Lithium improves HIV-associated neurocognitive impairment

TitleLithium improves HIV-associated neurocognitive impairment
Publication TypeJournal Article
Year of Publication2006
AuthorsLetendre, S, Woods, SPaul, Ellis, RJ, Atkinson, JH, Masliah, E, van den Brande, G, Durelle, J, Grant, I, Everall, I
JournalAIDS (London, England)
Date Published2006
KeywordsAdministration, Adult, CD4 Lymphocyte Count, Cognition Disorders, Female, HIV Infections, HIV-1, Humans, Internal, Lithium Compounds, Male, Middle Aged, Neuroprotective Agents, Neuropsychological Tests, Oral, Pilot Projects, RNA, Treatment Outcome, Viral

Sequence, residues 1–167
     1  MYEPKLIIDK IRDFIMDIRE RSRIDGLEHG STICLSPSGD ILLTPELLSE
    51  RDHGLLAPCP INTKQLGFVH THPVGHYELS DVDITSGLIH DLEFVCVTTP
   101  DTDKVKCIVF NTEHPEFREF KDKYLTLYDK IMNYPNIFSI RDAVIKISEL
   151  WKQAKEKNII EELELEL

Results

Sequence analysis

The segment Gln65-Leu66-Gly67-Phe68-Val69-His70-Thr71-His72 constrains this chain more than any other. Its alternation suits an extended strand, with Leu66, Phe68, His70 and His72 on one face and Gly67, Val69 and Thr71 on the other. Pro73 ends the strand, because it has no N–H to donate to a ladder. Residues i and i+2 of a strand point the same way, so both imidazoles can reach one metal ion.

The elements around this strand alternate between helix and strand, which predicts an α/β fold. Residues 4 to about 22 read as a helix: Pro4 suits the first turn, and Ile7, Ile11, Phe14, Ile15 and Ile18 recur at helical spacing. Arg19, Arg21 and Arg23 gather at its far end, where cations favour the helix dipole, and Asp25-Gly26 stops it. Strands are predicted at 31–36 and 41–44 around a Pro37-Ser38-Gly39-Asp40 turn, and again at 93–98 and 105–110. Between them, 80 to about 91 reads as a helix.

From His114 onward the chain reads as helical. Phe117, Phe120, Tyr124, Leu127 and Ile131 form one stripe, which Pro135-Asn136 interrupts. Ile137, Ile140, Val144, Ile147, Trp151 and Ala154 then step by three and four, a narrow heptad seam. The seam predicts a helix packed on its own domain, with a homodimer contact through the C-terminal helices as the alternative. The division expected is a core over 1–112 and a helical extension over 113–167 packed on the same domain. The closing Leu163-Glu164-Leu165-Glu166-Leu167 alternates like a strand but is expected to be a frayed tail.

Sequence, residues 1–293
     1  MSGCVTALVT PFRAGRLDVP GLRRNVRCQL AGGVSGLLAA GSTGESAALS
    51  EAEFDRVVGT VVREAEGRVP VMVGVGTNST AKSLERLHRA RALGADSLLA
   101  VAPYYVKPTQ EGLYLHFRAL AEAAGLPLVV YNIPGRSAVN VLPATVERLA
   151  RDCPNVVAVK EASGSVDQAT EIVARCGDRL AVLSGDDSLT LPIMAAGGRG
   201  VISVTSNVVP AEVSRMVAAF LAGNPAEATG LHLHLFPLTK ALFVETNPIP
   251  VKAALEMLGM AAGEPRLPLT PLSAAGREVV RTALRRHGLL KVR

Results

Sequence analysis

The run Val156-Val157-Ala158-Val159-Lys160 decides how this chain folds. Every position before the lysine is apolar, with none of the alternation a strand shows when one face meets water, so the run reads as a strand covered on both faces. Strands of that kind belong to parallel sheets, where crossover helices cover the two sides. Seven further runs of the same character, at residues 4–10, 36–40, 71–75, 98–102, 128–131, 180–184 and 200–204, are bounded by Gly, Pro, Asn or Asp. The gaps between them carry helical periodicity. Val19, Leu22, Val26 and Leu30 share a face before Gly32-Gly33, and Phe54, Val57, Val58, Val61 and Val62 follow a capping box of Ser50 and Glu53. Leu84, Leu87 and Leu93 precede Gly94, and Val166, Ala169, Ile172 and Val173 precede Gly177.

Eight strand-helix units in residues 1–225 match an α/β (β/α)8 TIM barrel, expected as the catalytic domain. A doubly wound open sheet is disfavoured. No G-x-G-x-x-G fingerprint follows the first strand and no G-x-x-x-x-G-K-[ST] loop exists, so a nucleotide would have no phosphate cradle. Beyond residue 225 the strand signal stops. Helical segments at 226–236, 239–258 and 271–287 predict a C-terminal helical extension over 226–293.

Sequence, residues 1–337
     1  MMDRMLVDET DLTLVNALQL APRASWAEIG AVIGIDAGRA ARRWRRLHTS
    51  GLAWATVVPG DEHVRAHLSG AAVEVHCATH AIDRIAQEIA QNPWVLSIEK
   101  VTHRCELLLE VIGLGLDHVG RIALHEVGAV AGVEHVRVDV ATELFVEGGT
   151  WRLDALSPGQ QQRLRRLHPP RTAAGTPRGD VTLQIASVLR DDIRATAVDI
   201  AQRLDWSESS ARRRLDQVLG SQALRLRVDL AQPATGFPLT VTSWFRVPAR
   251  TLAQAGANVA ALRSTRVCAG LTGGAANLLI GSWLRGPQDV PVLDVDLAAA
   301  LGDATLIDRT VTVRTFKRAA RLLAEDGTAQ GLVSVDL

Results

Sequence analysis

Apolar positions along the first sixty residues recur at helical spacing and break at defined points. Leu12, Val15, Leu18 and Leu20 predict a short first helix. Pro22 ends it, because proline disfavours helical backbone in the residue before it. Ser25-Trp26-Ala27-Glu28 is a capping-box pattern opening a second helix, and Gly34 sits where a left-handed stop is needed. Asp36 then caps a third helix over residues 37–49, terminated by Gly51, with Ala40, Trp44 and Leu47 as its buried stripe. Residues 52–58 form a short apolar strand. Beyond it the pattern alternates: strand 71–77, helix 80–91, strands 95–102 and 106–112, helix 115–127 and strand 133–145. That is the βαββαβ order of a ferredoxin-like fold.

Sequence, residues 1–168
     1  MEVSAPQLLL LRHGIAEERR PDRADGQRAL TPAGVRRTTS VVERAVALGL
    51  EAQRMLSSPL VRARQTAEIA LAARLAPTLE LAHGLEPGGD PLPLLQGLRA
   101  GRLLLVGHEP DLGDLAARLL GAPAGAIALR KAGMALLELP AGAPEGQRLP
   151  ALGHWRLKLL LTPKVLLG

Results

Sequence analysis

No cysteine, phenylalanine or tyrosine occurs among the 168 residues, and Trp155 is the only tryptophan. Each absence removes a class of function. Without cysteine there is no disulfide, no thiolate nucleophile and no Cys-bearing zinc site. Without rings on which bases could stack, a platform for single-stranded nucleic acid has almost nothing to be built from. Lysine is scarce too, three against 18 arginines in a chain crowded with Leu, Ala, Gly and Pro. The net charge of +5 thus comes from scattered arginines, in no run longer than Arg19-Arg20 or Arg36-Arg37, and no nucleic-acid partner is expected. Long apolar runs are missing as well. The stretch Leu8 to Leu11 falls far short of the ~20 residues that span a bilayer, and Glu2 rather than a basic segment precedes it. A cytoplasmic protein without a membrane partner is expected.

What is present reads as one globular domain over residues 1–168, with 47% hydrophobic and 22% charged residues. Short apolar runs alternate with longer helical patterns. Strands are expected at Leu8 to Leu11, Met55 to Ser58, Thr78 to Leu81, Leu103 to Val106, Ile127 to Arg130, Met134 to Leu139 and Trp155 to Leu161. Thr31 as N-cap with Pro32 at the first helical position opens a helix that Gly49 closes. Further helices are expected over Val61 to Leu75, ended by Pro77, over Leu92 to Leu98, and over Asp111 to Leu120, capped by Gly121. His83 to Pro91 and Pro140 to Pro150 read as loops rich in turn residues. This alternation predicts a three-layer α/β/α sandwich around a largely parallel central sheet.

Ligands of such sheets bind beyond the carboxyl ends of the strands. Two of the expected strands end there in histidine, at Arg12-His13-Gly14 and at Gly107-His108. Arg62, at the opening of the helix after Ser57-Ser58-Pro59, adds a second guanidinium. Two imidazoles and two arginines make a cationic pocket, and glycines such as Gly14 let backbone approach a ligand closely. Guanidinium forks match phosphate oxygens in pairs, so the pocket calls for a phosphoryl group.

OBJECTIVE: To determine the effects of low-dose oral lithium on the neuropsychological performance of individuals diagnosed with HIV-associated neurocognitive impairment. DESIGN AND METHODS: The project was a single-arm, open-label, 12-week pilot study at a university-based tertiary care center. The participants were adults who had been diagnosed with HIV-associated neurocognitive impairment and had been on stable antiretroviral therapy for at least 12 weeks. Conditions that could affect cognition, worsen adherence to study procedures, or increase the risk of lithium adverse reactions were excluded. Twenty-one individuals were screened and eight were enrolled, all of whom completed the study. Oral lithium was initiated at 300 mg daily and was titrated to maintain 12-h trough concentrations between 0.4 and 0.8 mEq/l. Global neuropsychological performance was assessed by the global deficit score. RESULTS: At baseline, all participants had impaired neuropsychological performance and most had reduced CD4 cell counts (median 292 cells/microl), and HIV RNA levels in plasma below 400 copies/mL (seven of eight). Titrated lithium doses ranged between 600 and 1200 mg/day. Performance improved in all eight individuals after 12 weeks, and became unimpaired in six. The study treatment was well tolerated with no grade 3 or 4 adverse events and no premature discontinuations. CONCLUSIONS: Lithium resulted in improved neuropsychological performance in antiretroviral-treated, impaired individuals in this small, open-label study. Based on published in vitro data, lithium may exert this effect by inhibiting neuronal glycogen synthase kinase-3beta.